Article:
More uncommonly sensible investment guidance from a master of the game. Drawing on his experience at Fidelity's Magellan Fund, a high- profile vehicle he quit at age 46 in 1990 after a spectacularly successful 13-year tenure as managing director, Lynch (One Up on Wall Street, 1988) makes a strong case for common stocks over bonds, CDs, or other forms of debt. In breezy, anecdotal fashion, the author also encourages individuals to go it alone in the market rather than to bank on money managers whose performance seldom justifies their generous compensation. With the caveat that there's as much art as science to picking issues with upside potential, Lynch commends legwork and observation. ``Spending more time at the mall,'' he argues, invariably is a better way to unearth appreciation candidates than relying on technical, timing, or other costly divining services prized by professionals. The author provides detailed briefings on how he researches industries, special situations, and mutual funds. Particularly instructive are his candid discussions of where he went wrong as well as right in his search for undervalued securities. Throughout the genial text, Lynch offers wry, on-target advisories under the rubric of ``Peter's Principles.'' Commenting on the profits that have accrued to those acquiring shares in enterprises privatized by the British government, he notes: ``Whatever the Queen is selling, buy it.'' In praise of corporate parsimony, the author suggests that, ``all else being equal, invest in the company with the fewest photos in the annual report.'' Another bull's-eye for a consummate pro, with appeal for market veterans and rookies alike. (Charts and tabular material— not seen.)

Pub Date: March 1, 1993

ISBN: 0-671-75915-9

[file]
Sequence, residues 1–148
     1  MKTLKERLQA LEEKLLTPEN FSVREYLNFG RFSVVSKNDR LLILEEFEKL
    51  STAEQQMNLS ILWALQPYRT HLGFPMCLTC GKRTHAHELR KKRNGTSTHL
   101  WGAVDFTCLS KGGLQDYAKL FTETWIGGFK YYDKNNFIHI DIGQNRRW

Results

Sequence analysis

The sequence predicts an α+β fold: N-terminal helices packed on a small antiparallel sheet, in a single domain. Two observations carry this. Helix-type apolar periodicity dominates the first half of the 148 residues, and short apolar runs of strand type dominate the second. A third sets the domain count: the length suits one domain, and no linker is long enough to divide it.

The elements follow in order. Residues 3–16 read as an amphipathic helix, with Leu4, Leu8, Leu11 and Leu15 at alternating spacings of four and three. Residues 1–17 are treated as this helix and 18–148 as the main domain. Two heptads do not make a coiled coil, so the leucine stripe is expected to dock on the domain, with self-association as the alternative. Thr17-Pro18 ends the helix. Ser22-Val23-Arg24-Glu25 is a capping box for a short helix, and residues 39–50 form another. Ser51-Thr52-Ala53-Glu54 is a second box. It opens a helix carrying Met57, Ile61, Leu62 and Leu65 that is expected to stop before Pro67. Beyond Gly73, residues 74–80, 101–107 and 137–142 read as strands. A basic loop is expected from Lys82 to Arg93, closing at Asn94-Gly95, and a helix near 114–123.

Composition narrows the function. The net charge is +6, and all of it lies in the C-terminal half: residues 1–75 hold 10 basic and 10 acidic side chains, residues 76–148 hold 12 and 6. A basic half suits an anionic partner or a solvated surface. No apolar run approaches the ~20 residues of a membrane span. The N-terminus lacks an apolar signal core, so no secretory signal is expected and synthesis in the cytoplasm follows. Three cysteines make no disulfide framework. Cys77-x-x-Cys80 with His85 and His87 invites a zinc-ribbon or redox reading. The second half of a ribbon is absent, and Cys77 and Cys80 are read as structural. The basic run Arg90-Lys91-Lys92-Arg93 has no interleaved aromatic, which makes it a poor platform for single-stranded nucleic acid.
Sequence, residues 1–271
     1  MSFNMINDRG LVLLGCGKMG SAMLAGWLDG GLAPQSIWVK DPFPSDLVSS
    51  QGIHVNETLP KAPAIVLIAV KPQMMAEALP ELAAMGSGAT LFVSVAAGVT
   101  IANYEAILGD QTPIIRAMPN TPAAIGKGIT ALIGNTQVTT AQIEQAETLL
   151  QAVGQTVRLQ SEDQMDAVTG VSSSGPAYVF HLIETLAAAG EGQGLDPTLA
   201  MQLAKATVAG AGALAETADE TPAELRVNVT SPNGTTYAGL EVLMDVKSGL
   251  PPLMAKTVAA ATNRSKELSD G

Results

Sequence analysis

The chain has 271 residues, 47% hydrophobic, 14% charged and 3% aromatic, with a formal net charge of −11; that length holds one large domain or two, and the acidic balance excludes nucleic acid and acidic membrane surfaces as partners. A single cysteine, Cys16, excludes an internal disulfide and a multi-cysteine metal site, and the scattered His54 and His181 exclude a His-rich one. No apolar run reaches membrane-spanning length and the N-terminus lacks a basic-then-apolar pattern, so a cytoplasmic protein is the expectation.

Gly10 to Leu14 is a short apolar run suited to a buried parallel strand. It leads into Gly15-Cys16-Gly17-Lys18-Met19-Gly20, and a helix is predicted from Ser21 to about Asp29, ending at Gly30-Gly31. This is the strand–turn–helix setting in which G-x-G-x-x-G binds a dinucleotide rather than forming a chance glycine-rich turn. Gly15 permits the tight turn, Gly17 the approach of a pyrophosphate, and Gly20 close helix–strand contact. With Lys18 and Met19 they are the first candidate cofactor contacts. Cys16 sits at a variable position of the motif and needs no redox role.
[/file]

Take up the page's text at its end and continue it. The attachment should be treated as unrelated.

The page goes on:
Page Count: 320

Publisher: Simon & Schuster

Review Posted Online: May 20, 2010

Kirkus Reviews Issue: Jan. 1, 1993

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A timely, vividly realized reminder to slow down and harness the restorative wonders of serenity.

STILLNESS IS THE KEY

An exploration of the importance of clarity through calmness in an increasingly fast-paced world.

Austin-based speaker and strategist Holiday (Conspiracy: Peter Thiel, Hulk Hogan, Gawker, and the Anatomy of Intrigue, 2018, etc.) believes in downshifting one’s life and activities in order to fully grasp the wonder of stillness. He bolsters this theory with a wide array of perspectives—some based on ancient wisdom (one of the author’s specialties), others more modern—all with the intent to direct readers toward the essential importance of stillness and its “attainable path to enlightenment and excellence, greatness and happiness, performance as well as presence.” Readers will be encouraged by Holiday’s insistence that his methods are within anyone’s grasp. He acknowledges that this rare and coveted calm is already inside each of us, but it’s been worn down by the hustle of busy lives and distractions. Recognizing that this goal requires immense personal discipline, the author draws on the representational histories of John F. Kennedy, Buddha, Tiger Woods, Fred Rogers, Leonardo da Vinci, and many other creative thinkers and scholarly, scientific texts. These examples demonstrate how others have evolved past the noise of modern life and into the solitude of productive thought and cleansing tranquility. Holiday splits his accessible, empowering, and sporadically meandering narrative into a three-part “timeless trinity of mind, body, soul—the head, the heart, the human body.” He juxtaposes Stoic philosopher Seneca’s internal reflection and wisdom against Donald Trump’s egocentric existence, with much of his time spent “in his bathrobe, ranting about the news.” Holiday stresses that while contemporary life is filled with a dizzying variety of “competing priorities and beliefs,” the frenzy can be quelled and serenity maintained through a deliberative calming of the mind and body. The author shows how “stillness is what aims the arrow,” fostering focus, internal harmony, and the kind of holistic self-examination necessary for optimal contentment and mind-body centeredness. Throughout the narrative, he promotes that concept mindfully and convincingly.

A timely, vividly realized reminder to slow down and harness the restorative wonders of serenity.

Pub Date: Oct. 1, 2019

ISBN: 978-0-525-53858-5

Page Count: 288

Publisher: Portfolio

Review Posted Online: July 21, 2019

Kirkus Reviews Issue: Aug. 15, 2019